Stay-at-Home orders? Tennis courts closed? Despite the many changes underway to contend with COVID-19, you can stay tennis-ready with a technique called visualization. It's a great way for a tennis enthusiast to continue improving without having to go to the tennis courts!
Visual imagery can accelerate a tennis player’s progress in mental preparation for on-court play. Tennis players use visualization extensively without even knowing it. It’s about forming a mental image as you picture your success and feel the emotions of achieving intended results. Visualization can support improved performance in all four major areas of tennis: technique, tactics & strategy, physical ability, and mental preparation.
Effective visualization is easy to do. The following pointers might be helpful to you as you picture and frame your responses to situations on the tennis court.
*Sit comfortably in your chair and take a couple of deep breaths to relax. Close your eyes and try to see the colors and shapes of objects on the tennis court – the net, the bench, the fence….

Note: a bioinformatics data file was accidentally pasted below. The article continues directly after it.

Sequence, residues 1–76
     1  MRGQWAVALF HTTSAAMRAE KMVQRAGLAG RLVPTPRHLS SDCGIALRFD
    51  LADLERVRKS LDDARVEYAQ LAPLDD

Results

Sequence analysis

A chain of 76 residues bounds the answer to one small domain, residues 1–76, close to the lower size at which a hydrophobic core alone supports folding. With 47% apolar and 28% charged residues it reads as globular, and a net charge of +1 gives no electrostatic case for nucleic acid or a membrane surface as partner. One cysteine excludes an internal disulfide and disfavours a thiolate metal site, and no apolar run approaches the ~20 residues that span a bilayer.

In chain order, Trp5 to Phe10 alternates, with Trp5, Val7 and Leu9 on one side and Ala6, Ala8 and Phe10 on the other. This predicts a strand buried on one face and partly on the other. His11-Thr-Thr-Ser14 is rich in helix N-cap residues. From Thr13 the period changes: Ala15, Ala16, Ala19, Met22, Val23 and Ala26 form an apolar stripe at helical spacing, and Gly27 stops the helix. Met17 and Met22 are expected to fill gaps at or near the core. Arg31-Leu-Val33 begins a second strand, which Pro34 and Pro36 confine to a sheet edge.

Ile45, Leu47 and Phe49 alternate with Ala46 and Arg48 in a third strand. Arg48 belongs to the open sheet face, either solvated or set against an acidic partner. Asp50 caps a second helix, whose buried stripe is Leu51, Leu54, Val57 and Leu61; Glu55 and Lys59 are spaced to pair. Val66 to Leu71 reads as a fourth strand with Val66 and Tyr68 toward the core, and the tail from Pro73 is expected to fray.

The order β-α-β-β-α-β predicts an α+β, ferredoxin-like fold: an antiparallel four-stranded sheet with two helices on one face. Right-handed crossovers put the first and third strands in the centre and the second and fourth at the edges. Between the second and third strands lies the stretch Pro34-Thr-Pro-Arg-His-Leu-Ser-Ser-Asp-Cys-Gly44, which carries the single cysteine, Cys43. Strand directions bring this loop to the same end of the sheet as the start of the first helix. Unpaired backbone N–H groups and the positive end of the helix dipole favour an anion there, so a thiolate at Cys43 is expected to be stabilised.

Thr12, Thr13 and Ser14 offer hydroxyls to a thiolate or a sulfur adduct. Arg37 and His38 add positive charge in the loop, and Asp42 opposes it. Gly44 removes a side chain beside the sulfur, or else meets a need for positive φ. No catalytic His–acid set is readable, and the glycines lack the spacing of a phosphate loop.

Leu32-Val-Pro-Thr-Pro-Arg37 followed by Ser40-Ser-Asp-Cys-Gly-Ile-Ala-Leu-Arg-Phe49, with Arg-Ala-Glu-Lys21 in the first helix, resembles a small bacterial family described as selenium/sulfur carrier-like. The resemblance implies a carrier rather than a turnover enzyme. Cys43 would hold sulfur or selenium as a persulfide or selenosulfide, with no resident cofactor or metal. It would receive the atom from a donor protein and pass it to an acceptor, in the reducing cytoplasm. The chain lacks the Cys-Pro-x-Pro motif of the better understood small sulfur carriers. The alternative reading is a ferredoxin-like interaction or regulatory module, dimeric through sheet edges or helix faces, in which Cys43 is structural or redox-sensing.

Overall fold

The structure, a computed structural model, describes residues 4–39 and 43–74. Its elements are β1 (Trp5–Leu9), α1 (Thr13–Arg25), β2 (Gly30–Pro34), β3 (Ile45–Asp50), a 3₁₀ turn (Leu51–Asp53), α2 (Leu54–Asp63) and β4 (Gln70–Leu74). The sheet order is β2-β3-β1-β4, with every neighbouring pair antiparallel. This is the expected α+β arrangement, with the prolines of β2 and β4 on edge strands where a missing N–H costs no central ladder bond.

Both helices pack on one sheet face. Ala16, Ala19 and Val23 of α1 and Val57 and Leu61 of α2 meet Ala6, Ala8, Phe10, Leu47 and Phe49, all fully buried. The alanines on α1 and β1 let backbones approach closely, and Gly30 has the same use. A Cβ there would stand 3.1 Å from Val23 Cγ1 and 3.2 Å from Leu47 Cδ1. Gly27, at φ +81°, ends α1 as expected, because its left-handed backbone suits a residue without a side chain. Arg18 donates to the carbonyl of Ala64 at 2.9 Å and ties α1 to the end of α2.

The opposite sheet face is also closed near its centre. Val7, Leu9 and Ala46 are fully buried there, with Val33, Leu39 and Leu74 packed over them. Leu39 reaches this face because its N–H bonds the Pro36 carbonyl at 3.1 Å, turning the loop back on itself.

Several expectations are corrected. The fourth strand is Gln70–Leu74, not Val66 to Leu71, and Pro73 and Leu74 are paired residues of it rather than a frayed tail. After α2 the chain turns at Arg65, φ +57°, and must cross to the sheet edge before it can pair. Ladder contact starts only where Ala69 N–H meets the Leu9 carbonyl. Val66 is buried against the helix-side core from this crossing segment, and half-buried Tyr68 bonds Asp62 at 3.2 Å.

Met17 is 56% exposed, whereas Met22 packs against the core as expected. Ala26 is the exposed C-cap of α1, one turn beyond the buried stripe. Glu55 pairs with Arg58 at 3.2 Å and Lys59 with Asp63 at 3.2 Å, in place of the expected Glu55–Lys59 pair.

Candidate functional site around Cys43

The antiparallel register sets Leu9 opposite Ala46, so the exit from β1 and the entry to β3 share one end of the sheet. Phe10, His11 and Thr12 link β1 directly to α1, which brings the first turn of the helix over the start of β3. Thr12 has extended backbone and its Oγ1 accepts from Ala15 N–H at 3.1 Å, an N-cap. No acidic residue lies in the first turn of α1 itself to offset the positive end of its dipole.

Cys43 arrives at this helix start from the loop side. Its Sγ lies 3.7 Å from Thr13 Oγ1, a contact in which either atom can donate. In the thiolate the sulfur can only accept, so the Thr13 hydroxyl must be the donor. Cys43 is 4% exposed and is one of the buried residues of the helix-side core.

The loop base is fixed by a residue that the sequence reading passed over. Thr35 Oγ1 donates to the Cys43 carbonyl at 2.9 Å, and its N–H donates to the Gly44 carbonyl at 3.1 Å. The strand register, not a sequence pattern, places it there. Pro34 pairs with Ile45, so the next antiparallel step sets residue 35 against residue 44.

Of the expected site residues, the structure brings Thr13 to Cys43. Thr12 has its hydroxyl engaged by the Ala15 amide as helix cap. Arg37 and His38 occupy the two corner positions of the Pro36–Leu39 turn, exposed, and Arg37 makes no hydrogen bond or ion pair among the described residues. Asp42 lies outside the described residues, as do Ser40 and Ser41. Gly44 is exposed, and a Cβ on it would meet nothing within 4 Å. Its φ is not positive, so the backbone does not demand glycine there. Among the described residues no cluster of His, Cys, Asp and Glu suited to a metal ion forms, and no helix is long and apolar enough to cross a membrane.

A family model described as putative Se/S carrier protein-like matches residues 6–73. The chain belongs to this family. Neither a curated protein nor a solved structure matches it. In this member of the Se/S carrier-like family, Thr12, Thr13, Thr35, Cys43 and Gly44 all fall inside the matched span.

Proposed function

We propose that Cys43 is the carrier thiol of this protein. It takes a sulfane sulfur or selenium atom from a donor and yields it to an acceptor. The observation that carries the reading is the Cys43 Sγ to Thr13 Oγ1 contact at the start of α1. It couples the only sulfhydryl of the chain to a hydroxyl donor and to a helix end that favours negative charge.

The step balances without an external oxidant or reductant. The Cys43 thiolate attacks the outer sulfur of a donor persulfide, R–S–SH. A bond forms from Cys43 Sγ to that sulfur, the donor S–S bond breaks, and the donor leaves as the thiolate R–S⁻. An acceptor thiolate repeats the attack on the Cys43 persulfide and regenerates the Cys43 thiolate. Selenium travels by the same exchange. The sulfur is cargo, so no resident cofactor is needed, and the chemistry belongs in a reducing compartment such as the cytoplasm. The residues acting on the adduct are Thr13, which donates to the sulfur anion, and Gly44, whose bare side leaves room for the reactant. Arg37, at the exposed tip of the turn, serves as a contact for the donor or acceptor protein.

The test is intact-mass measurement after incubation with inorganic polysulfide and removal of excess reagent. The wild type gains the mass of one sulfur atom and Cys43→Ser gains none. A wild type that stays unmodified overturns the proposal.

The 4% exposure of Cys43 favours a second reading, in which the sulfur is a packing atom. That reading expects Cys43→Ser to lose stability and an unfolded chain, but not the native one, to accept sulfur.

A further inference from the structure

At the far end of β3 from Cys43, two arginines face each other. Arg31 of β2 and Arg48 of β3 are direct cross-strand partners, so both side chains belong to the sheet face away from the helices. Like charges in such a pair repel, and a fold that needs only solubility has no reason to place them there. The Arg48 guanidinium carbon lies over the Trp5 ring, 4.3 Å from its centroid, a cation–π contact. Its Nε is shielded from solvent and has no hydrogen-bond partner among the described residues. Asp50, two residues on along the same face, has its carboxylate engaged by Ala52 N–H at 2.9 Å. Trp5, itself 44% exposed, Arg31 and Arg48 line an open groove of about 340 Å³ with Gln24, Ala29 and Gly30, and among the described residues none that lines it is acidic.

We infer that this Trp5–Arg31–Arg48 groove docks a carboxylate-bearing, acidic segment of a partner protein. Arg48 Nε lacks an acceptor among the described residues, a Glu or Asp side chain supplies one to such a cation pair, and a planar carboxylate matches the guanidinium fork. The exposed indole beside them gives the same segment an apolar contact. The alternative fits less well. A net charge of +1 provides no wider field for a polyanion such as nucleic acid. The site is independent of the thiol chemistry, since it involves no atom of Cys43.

*Try to hear the sounds that you would normally hear on the court – the sound of hitting the ball, your breathing and other sounds.
*Feel the movement of your body and your strokes as you hit the ball. Hit a forehand with topspin and feel the impact of the ball as your racquet moves forward and over the ball. Hit a slice backhand and feel how your arm slides forward as you use the racquet face to cut into the ball. Feel your body move toward the net as you anticipate your opponent’s reaction and return.
*The most important component is to feel your emotions. What does it feel like to hit a certain shot successfully, win the point, or win the match? When you include your positive emotions, such as joy, enthusiasm, happiness, and satisfaction, you multiply the positive effect of visualization. Over time, your brain hardwires these improvements and they become more profound and permanent.
Visualization can be a useful tool after you have watched a professional match on television. For example, focus on how a particular player serves. Play close attention to the way his/her body moves, the toss, and how the ball is struck. Many times we have the advantage of slow-motion replays to see the details. You can use these details to picture your own serve or other strokes when you engage in visualization.
Once the precautions to protect against the spread of COVID-19 are lifted, we can continue with our terrific schedule of tennis club events. Remember we have several planned for May!
May 2 - Clinic/Mixer
May 9 - Guest Doubles Mixer & BBQ
May 13 - World Cup / Pot Luck Dinner
May 15 - 17 - Mixed Doubles Championship
May 23 - Quarterly Meeting / Pot Luck Dinner
Until we have permission to resume our event schedule, let’s get out there and play tennis... as we visualize!